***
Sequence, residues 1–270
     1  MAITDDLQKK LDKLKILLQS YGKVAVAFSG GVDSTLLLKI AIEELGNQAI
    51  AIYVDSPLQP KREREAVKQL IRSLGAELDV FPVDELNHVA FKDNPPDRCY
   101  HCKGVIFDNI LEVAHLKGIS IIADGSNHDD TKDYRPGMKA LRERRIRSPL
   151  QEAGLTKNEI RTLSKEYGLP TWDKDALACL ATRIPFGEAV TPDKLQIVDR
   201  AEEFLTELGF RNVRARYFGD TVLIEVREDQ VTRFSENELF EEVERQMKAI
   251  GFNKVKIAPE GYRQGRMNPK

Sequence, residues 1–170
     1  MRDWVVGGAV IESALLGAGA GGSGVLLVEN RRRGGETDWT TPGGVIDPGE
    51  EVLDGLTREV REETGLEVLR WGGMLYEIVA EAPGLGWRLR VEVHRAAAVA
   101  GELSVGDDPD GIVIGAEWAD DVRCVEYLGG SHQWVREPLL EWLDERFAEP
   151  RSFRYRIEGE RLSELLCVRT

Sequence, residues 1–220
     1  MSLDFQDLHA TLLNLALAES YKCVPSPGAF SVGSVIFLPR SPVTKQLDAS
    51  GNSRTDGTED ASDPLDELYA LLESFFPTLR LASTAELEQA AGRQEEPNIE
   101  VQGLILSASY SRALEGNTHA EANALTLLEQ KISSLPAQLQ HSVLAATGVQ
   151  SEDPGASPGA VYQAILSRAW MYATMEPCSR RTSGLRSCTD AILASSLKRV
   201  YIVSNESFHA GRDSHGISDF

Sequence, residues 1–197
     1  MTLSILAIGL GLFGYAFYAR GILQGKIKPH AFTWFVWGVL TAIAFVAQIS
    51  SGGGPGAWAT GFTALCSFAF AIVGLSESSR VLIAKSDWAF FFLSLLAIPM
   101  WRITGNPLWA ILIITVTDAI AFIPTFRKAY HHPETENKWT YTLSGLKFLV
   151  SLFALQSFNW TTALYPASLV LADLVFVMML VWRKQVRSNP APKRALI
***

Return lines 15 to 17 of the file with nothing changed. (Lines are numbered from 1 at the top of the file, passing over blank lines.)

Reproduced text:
    51  GNSRTDGTED ASDPLDELYA LLESFFPTLR LASTAELEQA AGRQEEPNIE
   101  VQGLILSASY SRALEGNTHA EANALTLLEQ KISSLPAQLQ HSVLAATGVQ
   151  SEDPGASPGA VYQAILSRAW MYATMEPCSR RTSGLRSCTD AILASSLKRV